But Waymo's real goal is to get to the point where people in cars are nothing but passengers.

Waymo CEO John Krafcik told reporters that the company will be making some cars and freight trucks totally driverless fairly soon, though he didn't provide a specific timetable. "We are really close," he said. "We are going to do it when we feel like we are ready."

Google-bred Waymo aims to shift robotic cars into next gear
This Sunday, Oct. 29, 2017, photo provided by Waymo shows a Chrysler Pacifica minivan equipped with Waymo's self-driving car technology, being tested with the company's employees as a biker and a pedestrian at Waymo's facility in Atwater, Calif. Waymo, hatched from a Google project started eight years ago, showed off its progress Monday during a rare peek at a closely guarded testing facility located 120 miles southeast of San Francisco where its robots complete their equivalent to driver's education. (Julia Wang/Waymo via AP)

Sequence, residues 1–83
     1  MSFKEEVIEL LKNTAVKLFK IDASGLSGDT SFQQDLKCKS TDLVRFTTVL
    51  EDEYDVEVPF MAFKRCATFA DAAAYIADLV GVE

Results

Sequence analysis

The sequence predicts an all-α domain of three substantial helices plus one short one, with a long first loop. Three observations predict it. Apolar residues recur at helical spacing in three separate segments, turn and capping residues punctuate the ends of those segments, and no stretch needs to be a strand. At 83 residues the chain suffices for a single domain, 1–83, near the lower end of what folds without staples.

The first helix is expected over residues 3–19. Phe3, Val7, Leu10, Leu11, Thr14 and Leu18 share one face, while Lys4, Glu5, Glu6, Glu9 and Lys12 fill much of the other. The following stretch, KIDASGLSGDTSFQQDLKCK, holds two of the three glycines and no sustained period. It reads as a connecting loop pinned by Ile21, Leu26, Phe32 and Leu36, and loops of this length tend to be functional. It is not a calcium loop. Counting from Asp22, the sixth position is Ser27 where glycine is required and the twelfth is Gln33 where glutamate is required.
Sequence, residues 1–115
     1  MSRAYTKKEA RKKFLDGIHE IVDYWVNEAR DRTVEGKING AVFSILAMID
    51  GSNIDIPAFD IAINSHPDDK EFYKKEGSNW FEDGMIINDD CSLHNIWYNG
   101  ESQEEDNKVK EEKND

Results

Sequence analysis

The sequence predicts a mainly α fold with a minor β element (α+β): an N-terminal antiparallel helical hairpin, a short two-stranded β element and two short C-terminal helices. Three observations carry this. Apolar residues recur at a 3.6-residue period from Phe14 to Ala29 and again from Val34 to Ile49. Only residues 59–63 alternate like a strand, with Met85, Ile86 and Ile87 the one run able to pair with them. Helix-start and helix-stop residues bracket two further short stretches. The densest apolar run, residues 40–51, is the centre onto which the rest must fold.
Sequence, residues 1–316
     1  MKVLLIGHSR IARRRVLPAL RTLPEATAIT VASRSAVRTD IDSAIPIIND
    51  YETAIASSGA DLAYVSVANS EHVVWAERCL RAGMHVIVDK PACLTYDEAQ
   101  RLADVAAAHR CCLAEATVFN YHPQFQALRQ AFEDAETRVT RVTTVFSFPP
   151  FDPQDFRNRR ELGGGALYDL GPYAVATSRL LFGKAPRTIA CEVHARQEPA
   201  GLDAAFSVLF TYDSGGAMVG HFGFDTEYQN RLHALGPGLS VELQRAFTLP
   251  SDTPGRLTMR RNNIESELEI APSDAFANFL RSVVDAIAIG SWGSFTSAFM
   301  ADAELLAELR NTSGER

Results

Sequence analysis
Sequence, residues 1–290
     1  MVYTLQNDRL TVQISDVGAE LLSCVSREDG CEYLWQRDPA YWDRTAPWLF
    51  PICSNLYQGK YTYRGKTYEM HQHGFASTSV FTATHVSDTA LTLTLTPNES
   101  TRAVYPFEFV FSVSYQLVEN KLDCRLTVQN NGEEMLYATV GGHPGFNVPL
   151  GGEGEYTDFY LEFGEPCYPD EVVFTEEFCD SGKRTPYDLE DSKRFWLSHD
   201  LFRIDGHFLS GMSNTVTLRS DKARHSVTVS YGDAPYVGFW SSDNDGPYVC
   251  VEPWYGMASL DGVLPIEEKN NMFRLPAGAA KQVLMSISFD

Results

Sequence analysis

Since Google began working on self-driving cars in 2009, dozens of established automakers such as General Motors and Ford Motors have entered the race, along with other big technology companies, including Apple and ride-hailing service Uber. The competition is so fierce and the stakes so high that Waymo is currently suing Uber , alleging that one of its former managers stole its trade secrets and took them with him when he joined Uber in 2016 as part of an elaborate scheme. The trial in that high-profile case is scheduled to begin in early December.